Cheers

Alan

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Thanks guys!  I'm satisfied with the way that the tail mottle turned out.  That Silhouette Portrait cutter is very useful tool!

 

7 hours ago, alaninaustria said:

Really nice work there John - I like the attention to detail. However, given that the Me-262 is a favorite of mine - I’m still not convinced about the leading edge slats being in the stowed position. They were spring loaded and only retracted when airborne due to the force applied to them by the airflow at speed. When correctly calibrated, they deployed at a certain airspeed for approach & landing and of course the take-off. They would never be in the stowed position unless lock-wired into the stowed position for transport; but, this was rarely done as it caused problems in recalibrating the springs. However, you are doing a beautiful job!! 

Cheers

Alan

 

Yes, Alan... I think this point has been established and acknowledged a few posts up.  It's a mistake that I'm going to live with because I am not going to dig out those slats at this point in the build.  The outer ones MIGHT be removable with minimum damage but not the inner ones and probably not the middle ones.  I did some extensive puttying/sanding/re-puttying/gouging/CA glueing/puttying on that starboard inboard slat that.... ummm, I'm just not going to go there.  So, I'll chalk it up as an opportunity lost.  Let's say Yellow 3 is being prepared for transport as III./KG(J) 54 was reassigned from bomber to fighter duties.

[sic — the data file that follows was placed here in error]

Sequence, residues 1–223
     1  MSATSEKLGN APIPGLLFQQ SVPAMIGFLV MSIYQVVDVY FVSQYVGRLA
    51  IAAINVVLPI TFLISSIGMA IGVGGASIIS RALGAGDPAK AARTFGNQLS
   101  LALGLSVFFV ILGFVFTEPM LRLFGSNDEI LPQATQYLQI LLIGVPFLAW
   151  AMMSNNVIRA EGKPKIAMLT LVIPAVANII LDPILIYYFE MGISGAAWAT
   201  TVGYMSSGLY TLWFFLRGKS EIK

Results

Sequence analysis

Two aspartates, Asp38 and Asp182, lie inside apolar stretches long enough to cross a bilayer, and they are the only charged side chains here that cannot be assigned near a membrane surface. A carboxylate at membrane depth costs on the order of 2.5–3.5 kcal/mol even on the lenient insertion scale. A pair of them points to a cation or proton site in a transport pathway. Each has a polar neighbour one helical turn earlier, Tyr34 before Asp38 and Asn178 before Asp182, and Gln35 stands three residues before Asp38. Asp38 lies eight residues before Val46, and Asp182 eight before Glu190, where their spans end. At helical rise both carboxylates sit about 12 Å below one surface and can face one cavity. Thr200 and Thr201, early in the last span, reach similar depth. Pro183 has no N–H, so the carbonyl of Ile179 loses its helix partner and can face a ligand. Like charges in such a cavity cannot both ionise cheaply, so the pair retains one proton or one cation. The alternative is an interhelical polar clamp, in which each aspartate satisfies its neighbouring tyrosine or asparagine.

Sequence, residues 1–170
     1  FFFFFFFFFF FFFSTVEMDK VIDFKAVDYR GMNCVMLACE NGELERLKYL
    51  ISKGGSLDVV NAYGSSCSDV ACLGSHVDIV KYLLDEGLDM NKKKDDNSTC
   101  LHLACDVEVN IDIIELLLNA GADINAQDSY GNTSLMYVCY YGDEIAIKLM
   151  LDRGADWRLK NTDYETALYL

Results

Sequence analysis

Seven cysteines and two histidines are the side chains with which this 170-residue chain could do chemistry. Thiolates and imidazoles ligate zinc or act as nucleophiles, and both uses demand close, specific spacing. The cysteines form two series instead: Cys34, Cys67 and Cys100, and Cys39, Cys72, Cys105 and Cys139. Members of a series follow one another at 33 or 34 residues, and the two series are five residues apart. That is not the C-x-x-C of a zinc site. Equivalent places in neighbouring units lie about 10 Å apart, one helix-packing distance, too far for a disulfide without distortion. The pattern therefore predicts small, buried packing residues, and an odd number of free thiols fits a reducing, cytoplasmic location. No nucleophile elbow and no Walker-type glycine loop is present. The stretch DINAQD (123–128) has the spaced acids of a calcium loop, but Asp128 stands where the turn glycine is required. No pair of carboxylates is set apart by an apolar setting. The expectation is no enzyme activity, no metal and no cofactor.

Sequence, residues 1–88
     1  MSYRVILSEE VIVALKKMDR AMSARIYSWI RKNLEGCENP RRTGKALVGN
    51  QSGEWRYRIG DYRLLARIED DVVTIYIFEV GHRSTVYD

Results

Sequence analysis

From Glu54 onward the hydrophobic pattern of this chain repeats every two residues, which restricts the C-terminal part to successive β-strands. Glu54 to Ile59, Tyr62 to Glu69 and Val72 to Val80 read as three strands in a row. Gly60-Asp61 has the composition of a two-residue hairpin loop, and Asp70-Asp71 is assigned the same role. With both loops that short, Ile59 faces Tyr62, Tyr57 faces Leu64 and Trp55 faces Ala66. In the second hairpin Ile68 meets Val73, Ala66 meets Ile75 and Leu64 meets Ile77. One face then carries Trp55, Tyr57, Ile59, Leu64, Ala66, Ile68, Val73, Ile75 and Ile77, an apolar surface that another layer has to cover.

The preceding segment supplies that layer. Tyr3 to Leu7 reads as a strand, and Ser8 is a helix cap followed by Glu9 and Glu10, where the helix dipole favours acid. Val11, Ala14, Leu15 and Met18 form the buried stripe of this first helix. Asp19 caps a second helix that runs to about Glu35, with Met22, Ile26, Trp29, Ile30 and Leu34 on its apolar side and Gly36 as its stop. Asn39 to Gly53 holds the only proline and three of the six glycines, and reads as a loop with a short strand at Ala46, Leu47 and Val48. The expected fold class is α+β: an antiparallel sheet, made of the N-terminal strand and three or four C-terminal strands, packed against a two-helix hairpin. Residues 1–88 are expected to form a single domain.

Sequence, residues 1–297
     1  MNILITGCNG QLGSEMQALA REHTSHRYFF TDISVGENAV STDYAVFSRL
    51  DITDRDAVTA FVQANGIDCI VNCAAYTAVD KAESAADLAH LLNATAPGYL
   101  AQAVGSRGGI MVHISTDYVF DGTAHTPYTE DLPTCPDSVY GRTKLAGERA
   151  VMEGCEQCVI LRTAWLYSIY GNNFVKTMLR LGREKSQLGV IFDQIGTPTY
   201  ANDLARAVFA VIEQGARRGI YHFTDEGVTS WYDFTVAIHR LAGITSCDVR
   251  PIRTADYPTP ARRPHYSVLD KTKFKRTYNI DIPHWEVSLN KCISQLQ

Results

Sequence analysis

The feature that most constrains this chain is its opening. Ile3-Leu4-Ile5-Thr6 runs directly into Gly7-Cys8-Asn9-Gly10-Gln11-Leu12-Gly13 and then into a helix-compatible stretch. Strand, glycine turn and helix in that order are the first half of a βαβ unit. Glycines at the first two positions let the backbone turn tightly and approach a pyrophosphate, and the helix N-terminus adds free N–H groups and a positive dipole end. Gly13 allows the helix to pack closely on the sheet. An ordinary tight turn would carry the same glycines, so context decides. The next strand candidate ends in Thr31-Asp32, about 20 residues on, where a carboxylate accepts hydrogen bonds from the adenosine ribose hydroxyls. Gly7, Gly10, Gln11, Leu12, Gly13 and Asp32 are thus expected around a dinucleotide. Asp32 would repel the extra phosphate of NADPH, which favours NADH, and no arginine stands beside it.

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Your work is beautiful and although I initially thought the tail camo was a bit  too hard edged, when compared to the print of what the real deal looked like, I think you absolutely nailed it.  Those tires/wheels are spectacular as well.  As for the accuracy- or not- of the leading edge slats, as they say in Jersey, "Fugetaboutit!", as it appears you are.  I'll bet 98% of those who view your model now or in the future will never question the slats position, including me.

 

For the puttied seams, I would take a look at what Matt at "Doogs Models" has done below.  Rather than apply a putty seam, he masked off the areas that were not puttied, then sprayed a putty coat.

 

Doog's ME-262

 

Cheers,

Chuck

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11 hours ago, alaninaustria said:

Really nice work there John - I like the attention to detail. However, given that the Me-262 is a favorite of mine - I’m still not convinced about the leading edge slats being in the stowed position. They were spring loaded and only retracted when airborne due to the force applied to them by the airflow at speed. When correctly calibrated, they deployed at a certain airspeed for approach & landing and of course the take-off. They would never be in the stowed position unless lock-wired into the stowed position for transport; but, this was rarely done as it caused problems in recalibrating the springs. However, you are doing a beautiful job!! 

Cheers

Alan

The slats were not spring-loaded. They were free-floating, thus fell open while on the ground or reacted to airflow pressure in flight.

 

The link to the video again:

https://www.youtube.com/watch?v=x2Kc6NRwSic

 

HTH,

D